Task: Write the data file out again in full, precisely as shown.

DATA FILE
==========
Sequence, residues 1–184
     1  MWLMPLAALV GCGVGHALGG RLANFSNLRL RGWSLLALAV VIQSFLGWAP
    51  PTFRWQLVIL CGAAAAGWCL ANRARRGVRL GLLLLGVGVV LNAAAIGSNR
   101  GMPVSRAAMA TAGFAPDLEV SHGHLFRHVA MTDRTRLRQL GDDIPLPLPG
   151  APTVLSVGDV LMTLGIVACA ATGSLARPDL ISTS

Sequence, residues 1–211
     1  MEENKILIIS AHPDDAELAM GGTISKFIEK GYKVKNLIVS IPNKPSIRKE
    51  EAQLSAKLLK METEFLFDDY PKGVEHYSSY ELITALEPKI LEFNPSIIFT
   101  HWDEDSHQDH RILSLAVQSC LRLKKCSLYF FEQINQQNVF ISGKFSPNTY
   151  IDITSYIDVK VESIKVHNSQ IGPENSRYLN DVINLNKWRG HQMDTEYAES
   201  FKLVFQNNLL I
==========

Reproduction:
Sequence, residues 1–184
     1  MWLMPLAALV GCGVGHALGG RLANFSNLRL RGWSLLALAV VIQSFLGWAP
    51  PTFRWQLVIL CGAAAAGWCL ANRARRGVRL GLLLLGVGVV LNAAAIGSNR
   101  GMPVSRAAMA TAGFAPDLEV SHGHLFRHVA MTDRTRLRQL GDDIPLPLPG
   151  APTVLSVGDV LMTLGIVACA ATGSLARPDL ISTS

Sequence, residues 1–211
     1  MEENKILIIS AHPDDAELAM GGTISKFIEK GYKVKNLIVS IPNKPSIRKE
    51  EAQLSAKLLK METEFLFDDY PKGVEHYSSY ELITALEPKI LEFNPSIIFT
   101  HWDEDSHQDH RILSLAVQSC LRLKKCSLYF FEQINQQNVF ISGKFSPNTY
   151  IDITSYIDVK VESIKVHNSQ IGPENSRYLN DVINLNKWRG HQMDTEYAES
   201  FKLVFQNNLL I